Madonna sometimes likes to lay low for a few years, give people a chance to miss her, then come roaring back with a flurry of new projects and appearances. And the world is in the throes of the biggest such onslaught in years.
It’s been percolating for weeks — her song “Masterpiece” was a surprise winner at last month’s Golden Globes, her interview with Cynthia McFadden on ABC’s “20/20” found the singer famously weighing in on Lady Gaga and she was on Jay Leno’s “Tonight Show” this week. Fans are salivating in anticipation over Sunday night’s Super Bowl halftime performance, this week’s release of new single “Give Me All Your Luvin” (with Nicki Minaj and M.I.A.), new album “MDNA” (slated for a March 26 release) and, to a markedly lesser degree according to some camps, the new movie “W.E.” which had a limited release in December and went into slightly wider U.S. release this week (no word yet on D.C. screenings).
Madonna fans, of course, are whipped into a frenzy but the rest of the world is curious too and it raises an ocean of questions: Is too much being made of the Madonna/Gaga comparison? How can Madonna call Gaga’s work “reductive” when the former spent years mining old pop culture imagery for inspiration? Is it unfair that we keep wondering if Madonna still “has it” to a degree we don’t require of, say, the Stones or U2 each time they re-emerge? And could Madonna — known, of course, for her controversial TV performances — risk a Janet-caliber disaster if she tries something outrageous at the Super Bowl? We checked in with several gay pop culture observers — some fans, some not — to weigh in.
Snark king Michael Musto, famous for his “La Dolce Musto” column in the Village Voice and author of the new book “Fork On the Left, Knife in the Back,” says, for starters, that the similarities between Gaga’s “Born This Way” and Madonna’s “Express Yourself” justify some questioning.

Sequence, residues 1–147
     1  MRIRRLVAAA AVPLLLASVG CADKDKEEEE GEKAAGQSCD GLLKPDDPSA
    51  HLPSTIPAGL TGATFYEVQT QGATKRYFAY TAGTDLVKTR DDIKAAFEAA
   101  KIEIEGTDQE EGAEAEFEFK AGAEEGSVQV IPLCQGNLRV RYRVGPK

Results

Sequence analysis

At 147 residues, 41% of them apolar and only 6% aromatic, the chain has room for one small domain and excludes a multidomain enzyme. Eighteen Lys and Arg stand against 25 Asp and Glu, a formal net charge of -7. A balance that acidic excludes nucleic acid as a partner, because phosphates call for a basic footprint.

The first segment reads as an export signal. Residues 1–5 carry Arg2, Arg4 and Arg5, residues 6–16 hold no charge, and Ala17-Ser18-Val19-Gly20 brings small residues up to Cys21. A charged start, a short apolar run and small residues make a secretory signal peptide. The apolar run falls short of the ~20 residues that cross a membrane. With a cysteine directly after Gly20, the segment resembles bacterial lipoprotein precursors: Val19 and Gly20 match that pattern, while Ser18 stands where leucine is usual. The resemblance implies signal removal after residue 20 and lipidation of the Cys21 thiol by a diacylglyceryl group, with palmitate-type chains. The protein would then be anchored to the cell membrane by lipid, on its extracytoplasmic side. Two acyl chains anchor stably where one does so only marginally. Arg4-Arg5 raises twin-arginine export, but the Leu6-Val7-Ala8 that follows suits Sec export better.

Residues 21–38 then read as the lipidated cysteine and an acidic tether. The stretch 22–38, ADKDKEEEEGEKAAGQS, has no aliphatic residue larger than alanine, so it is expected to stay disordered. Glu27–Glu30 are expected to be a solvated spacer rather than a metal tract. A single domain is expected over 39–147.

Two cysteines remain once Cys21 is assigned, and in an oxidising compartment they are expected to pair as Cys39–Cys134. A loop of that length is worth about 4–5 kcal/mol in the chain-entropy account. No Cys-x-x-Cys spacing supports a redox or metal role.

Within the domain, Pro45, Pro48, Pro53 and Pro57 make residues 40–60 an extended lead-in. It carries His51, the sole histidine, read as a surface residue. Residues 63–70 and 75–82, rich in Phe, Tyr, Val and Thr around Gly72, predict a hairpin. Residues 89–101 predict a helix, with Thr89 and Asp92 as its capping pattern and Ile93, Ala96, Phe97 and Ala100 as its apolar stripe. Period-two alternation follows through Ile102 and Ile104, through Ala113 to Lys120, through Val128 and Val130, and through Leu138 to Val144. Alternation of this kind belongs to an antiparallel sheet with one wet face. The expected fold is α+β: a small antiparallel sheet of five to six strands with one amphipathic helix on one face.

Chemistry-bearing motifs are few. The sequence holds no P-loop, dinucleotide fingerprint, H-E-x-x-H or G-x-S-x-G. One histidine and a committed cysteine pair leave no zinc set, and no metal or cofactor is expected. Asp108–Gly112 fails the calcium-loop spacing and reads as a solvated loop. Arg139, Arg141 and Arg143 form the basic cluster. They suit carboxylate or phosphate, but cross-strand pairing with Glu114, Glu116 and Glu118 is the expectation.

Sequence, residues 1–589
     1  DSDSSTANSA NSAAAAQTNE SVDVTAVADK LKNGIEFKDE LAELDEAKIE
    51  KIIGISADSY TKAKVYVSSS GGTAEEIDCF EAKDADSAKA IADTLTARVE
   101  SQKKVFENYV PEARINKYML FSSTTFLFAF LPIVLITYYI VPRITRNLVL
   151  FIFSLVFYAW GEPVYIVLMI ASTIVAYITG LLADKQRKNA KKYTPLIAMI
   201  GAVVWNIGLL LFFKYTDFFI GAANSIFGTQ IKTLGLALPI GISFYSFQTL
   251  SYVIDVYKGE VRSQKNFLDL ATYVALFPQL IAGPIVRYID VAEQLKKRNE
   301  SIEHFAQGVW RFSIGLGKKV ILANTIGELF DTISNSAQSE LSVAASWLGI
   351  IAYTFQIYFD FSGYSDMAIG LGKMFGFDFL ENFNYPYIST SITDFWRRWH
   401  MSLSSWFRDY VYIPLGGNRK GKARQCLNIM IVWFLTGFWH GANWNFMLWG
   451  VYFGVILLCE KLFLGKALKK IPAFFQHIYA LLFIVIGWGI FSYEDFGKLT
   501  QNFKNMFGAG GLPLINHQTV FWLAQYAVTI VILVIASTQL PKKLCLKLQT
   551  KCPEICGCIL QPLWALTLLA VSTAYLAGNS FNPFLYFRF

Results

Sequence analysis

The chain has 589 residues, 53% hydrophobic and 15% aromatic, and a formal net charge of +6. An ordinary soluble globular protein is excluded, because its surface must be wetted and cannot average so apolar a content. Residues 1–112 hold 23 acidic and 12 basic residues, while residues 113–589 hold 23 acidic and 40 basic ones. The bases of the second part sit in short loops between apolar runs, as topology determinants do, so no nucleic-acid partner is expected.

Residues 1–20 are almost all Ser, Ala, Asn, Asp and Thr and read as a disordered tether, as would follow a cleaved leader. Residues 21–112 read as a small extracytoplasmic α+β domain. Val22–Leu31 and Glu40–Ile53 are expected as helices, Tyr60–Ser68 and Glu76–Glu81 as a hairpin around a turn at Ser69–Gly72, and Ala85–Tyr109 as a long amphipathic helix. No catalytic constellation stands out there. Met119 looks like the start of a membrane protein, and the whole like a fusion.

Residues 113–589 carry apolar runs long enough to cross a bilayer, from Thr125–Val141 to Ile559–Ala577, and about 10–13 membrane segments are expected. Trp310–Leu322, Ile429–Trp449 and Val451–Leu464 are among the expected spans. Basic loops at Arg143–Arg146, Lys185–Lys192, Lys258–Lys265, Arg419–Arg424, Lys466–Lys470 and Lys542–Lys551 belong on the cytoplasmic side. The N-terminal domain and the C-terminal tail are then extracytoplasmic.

He calls Madonna “the ultimate pop culture sponge,” but says it’s important to differentiate between homage and an all-out rip-off.
“It wasn’t Madonna at all who was pointing this out at first,” Musto says. “Everybody online was chirping that it was eerily similar with the chord progressions and the rappy part being kind of ‘Vogue’-ish,” he says. “But I’m all for anything that drives Madonna crazy … her haughtiness, her pretentiousness. I mean let’s face it, she’s not the warmest tool in the shed and that has led to some ill will. Lady Gaga is deeply talented and obviously a better singer than Madonna, though I do think Madonna was great for calling out that one song. I am still on the Gaga team, but I did recently write that Madonna has, once again against all odds, made herself hot again just by putting herself out there.”
Musto predicts Madonna will continue to stay front and center in the pop culture limelight as long as she wants.
“She comes at it with steely determination and she wears these blinders 24 hours that bar out negativity,” he says. “To her, her new project is the best thing in the world. Yes, the deck is increasingly stacked against her, but she knows all the tricks to stay on top. She knows to work with the young, hot people and once again, she’s made herself hotter than she’s been in a long time.”
Others say Gaga’s success doesn’t mean Madonna can’t continue in a big way too.
“I don’t think there has to be a Gaga-versus-Madonna thing like you’re either one or the other,” says Michael Crawford, a gay activist with Freedom to Marry who’s been a huge Madonna fan since the 1983 single “Burning Up” was released. “It’s not like you’re either a Republican or a Democrat. Clearly I worship the ground Madonna walks on and I always will, but I think Gaga is very good too. A lot of people just want to be bitchy but Madonna is Madonna, Gaga is Gaga.”
Others say the comparisons are inevitable and warranted.
“I’ve always told the rabid Madonna fans who’ve said Gaga is overly inspired by others that they’re on a weak foundation considering Madonna’s many homages and references in her work,” says Matthew Rettenmund, the gay author of “Encyclopedia Madonnica.” “Sometimes when you listen to Madonna’s most ardent fans, the ones who dislike Gaga anyway, they are using many of the exact same slams against Gaga that were used against Madonna her whole career by her detractors. That lack of perception is discouraging because I think Madonna’s work does attract pretty smart fans. Her references are not low brow and while you don’t have to understand every one of them to enjoy her work, being educated and informed does enhance your appreciation of it. I think Lady Gaga is the only artist in 30 years to even approach Madonna’s blueprint and I hope she is able to change and grow and keep it interesting in the way Madonna has been able to. One doesn’t cancel out the other.”